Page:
Business and Planning Bill DebateFull Debate: Read Full Debate
Edward MilibandMain Page: Edward Miliband (Labour) - Doncaster North)
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(2 months ago)Commons Chamber
This Bill is an essential part of the Government’s response to the effects of covid-19 and the restrictions that have been keeping people safe. We know that these restrictions have come at a considerable cost to our economy and to people’s lives. We all have constituents who are desperate to get back to work— desperate to get back to their normal lives. This Bill will help to make that happen. This Bill will help the country get back on its feet.
The amendments that we are considering this evening do not disrupt the thrust of the Bill as it left this House. In fact, they improve it. It is worth remembering that when this Bill was last in this House we debated it over one afternoon—unusually fast, as several hon. and right hon. Members have said—to ensure that it would come into force before the summer recess and give the greatest possible benefit to the country. The Bill has received more extensive consideration in the other place, and I hope that we can agree the amendments.
I am grateful to hon. and right hon. Members for their constructive engagement with the Bill. I am particularly grateful to the right hon. Member for Doncaster North (Edward Miliband) and his colleagues in the Opposition for their collaboration. Members’ thoughtfulness and involvement have been a great help in improving this legislation, and I am pleased with the result of our deliberations. I should also like to recognise parliamentary counsel, the legal advisers and staff of the other place and of this House for marshalling this Bill through all its stages.
I shall briefly summarise the amendments that have been made in the other place. First, we have improved the pavement licensing measures in several ways. We have ensured that authorities must have regard to the needs of disabled people when considering whether to grant a pavement licence, and we have ensured that non-smoking areas will be provided by businesses that are granted pavement licences. We have also ensured that local authorities can delegate decisions about pavement licences to sub-committees or to officials, and that regulations issued by Government will be laid before Parliament. Those amendments are in keeping with the policy intention of the pavement licence provisions and improve them. I therefore hope that the House will support the amendments.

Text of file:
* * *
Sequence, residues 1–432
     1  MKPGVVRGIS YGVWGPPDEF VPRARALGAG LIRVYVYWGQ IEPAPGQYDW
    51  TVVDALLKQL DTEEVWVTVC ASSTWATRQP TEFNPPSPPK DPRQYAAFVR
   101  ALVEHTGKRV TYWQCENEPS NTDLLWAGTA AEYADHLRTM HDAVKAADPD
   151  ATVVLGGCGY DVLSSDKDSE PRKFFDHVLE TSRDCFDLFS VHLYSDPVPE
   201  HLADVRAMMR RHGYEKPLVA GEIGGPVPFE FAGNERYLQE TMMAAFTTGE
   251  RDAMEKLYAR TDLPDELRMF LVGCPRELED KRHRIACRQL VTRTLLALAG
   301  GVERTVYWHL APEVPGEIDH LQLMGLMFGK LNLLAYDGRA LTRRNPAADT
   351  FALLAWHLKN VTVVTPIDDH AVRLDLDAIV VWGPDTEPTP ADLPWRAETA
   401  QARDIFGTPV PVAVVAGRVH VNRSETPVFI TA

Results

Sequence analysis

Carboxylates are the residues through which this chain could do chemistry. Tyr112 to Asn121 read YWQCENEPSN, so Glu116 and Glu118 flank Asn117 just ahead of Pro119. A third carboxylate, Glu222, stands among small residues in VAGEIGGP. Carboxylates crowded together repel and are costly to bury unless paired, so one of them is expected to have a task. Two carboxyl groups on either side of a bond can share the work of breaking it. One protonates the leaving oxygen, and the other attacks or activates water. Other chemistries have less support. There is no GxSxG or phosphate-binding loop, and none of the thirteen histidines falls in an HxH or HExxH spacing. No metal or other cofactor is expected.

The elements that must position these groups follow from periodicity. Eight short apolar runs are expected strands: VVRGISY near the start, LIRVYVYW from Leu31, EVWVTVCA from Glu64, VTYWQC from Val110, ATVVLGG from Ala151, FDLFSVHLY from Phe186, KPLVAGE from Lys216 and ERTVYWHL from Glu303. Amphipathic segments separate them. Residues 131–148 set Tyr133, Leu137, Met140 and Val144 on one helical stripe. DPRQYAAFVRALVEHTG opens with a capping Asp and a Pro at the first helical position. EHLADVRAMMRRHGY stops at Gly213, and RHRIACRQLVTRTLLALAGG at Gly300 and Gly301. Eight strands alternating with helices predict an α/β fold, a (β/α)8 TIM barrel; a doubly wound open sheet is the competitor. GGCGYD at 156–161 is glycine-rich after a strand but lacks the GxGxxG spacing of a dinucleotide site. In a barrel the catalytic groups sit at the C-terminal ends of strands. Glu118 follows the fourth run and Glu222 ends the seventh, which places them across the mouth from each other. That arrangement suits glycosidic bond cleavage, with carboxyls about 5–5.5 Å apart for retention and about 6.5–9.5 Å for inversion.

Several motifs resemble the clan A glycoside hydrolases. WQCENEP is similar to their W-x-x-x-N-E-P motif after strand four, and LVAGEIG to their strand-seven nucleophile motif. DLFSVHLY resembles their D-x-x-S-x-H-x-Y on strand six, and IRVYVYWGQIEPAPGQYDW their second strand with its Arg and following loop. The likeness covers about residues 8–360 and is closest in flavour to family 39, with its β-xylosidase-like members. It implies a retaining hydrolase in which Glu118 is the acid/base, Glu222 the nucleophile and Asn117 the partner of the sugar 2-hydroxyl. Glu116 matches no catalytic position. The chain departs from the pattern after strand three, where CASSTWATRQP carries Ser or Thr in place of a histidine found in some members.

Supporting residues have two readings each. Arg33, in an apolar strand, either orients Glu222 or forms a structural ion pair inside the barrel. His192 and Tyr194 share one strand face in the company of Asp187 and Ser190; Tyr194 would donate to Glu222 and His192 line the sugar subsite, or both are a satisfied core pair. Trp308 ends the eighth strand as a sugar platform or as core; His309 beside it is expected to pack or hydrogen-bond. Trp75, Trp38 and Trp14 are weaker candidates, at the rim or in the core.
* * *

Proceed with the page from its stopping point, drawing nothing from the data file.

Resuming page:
Secondly, we have amended the provisions about off-sales of alcohol to combat antisocial behaviour. I am especially grateful to hon. Members for their involvement in this issue—especially my hon. Friend the Member for Kensington (Felicity Buchan); my hon. Friend the Member for Cities of London and Westminster (Nickie Aiken), who brought to bear her considerable experience as the leader of a London council; and the hon. Member for Hackney South and Shoreditch (Meg Hillier), who spoke eloquently when we last debated the matter in this House. I believe that collectively, they have improved the Bill. The Bill now limits off-sales to 11 pm at the latest, and any new permissions will not allow the sale of alcohol for consumption in outdoor areas of the premises that are already restricted by the premises licence. Making off-sales of alcohol easier will help the hospitality industry to recover more quickly, but in a way that does not encourage antisocial behaviour.
Thirdly, we have increased the extension of planning permission by one month. This is a modest extension, but it will provide further certainty and reassurance to developers and local authorities that planning permissions will not lapse unnecessarily as a result of the pandemic. Fourthly, in response to the report by the Delegated Powers and Regulatory Reform Committee, any extension to the provisions can be made only when it is
“necessary or appropriate for a purpose linked to the coronavirus pandemic.”
That is an important clarification.
Finally, the Bill now amends section 78 of the Coronavirus Act 2020 so that the Government can make regulations to enable specific authorities to conduct their meetings remotely. These authorities were omitted from the Coronavirus Act because of the speed with which that legislation was passed, and now is the appropriate time to include them. I hope the House will agree these Lords amendments.
I am sure that hon. and right hon. Members agree that businesses throughout our country need the benefit of these provisions this summer. As someone once put it, we need to help to fix the economy while the sun is shining. If we do not pass this Bill today, it will not take effect until the autumn, and the country will lose out on the valuable provisions over the summer months. The Bill has been much improved and scrutinised in the other place, and it is an example of how Parliament can work quickly and effectively in the national interest and set the United Kingdom on a path to recovery. I therefore trust that the House will support all the Lords amendments.
I rise to support these amendments. On Second Reading, I called for a restriction on alcohol off-sales to 11 pm, so I am delighted that that amendment has been accepted. We need to strike the right balance between getting our economy up and running and the interests of residents, who in certain parts of London have been subject to a lot of anti-social behaviour—in particular, in Notting Hill in my constituency. These amendments strike the right balance, and I commend them to the House.